The Ghostliest Galaxies; Magnificent Cosmos; Scientific American Presents; by Bothun; 4 Page(s)
Astronomers have known for decades that galaxies exist in three basic types: elliptical, spiral and irregular. The ellipticals are spheroidal, with highest light intensity at their centers. Spirals, which include our own Milky Way, have a pronounced bulge at their center, which is much like a mini-elliptical galaxy. Surrounding this bulge is a spiral-patterned disk populated with younger, bluish stars. And irregular galaxies have relatively low mass and, as their name implies, fit none of the other categories.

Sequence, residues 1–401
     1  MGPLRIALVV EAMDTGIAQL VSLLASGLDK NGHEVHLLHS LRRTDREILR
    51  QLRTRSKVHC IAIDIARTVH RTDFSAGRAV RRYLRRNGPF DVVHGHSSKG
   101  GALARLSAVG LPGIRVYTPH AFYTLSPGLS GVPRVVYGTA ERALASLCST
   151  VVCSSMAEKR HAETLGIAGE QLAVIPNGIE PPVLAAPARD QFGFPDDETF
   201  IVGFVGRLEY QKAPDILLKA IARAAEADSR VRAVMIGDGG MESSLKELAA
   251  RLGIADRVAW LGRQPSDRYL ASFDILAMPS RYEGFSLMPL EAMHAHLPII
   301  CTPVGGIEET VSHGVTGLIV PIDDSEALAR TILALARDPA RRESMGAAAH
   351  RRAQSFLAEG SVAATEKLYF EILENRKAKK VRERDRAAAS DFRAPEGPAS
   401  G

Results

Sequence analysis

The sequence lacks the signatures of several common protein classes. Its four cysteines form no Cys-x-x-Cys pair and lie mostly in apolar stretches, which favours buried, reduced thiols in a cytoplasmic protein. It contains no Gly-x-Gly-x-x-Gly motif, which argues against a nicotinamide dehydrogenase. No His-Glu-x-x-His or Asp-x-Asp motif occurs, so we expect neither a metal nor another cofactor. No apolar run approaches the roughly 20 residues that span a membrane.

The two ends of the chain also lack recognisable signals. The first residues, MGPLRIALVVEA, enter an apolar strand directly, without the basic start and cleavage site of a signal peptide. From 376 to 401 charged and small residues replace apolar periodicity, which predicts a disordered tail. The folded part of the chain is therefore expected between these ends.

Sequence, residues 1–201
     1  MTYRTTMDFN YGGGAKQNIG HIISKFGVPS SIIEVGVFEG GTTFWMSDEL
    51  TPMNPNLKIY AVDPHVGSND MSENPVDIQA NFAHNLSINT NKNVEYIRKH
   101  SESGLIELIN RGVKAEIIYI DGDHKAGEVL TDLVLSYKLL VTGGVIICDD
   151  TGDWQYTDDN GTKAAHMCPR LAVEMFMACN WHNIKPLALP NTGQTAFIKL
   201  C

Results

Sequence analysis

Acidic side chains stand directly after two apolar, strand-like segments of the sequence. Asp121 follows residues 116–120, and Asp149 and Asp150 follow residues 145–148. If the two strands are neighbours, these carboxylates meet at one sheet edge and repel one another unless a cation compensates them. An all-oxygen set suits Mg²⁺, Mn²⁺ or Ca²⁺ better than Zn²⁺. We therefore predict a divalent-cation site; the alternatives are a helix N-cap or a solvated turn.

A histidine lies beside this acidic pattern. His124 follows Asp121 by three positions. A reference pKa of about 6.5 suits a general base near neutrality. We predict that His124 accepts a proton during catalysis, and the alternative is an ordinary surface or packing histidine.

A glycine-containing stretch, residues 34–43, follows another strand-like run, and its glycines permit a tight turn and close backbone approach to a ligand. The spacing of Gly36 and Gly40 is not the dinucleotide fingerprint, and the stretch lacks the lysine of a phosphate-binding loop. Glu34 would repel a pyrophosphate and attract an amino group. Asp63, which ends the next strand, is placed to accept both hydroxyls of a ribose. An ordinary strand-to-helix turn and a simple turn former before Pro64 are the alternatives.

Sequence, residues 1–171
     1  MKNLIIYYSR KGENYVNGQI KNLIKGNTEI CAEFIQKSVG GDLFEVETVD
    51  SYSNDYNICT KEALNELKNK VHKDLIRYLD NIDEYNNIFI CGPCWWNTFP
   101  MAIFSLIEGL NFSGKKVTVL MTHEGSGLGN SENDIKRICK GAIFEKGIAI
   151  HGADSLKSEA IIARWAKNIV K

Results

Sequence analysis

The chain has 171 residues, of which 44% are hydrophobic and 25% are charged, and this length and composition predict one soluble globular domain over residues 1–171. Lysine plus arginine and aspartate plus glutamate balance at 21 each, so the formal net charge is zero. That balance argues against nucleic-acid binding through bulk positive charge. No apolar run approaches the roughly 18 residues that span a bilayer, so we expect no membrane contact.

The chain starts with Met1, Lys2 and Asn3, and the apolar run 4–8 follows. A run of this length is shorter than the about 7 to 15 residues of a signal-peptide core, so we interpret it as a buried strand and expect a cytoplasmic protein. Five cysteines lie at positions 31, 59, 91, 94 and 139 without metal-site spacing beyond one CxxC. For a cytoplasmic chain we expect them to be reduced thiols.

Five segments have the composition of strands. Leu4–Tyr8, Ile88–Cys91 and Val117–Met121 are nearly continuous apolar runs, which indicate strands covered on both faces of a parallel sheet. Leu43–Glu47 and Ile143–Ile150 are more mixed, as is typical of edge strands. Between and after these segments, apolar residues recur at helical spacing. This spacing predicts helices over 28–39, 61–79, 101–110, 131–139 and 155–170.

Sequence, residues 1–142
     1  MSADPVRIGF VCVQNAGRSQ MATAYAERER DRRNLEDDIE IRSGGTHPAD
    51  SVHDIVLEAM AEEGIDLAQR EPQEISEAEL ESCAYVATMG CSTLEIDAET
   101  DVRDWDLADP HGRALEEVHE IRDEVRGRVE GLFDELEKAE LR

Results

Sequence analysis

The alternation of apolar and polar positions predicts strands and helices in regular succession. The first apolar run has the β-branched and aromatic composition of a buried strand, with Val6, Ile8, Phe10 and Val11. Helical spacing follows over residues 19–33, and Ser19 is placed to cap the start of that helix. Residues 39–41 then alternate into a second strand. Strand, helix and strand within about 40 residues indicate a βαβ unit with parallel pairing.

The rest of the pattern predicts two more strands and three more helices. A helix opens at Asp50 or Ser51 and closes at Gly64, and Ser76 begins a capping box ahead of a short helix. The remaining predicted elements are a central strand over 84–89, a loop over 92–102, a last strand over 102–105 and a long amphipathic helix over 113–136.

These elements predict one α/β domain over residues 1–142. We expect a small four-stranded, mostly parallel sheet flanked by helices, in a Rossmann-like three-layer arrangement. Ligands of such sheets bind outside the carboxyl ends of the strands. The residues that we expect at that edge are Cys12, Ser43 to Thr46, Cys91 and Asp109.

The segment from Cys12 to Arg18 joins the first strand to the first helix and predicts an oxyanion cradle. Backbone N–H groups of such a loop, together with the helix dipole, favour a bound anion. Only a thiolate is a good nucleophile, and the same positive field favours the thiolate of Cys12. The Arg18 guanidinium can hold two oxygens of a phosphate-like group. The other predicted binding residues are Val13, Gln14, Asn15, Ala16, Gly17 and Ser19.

With only minor refinements, this system of galactic classification has changed little since astronomer Edwin Hubble originated it some 70 years ago. Technological advances, however, have significantly improved astronomers' ability to find objects outside the Milky Way galaxy that are extraordinarily hard to detect. Over the past decade my colleagues and I have used an ingenious method of photographic contrast enhancement invented by astronomer David J. Malin of the Anglo-Australian Observatory, as well as electronic imaging systems based on improved charge-coupled devices (CCDs).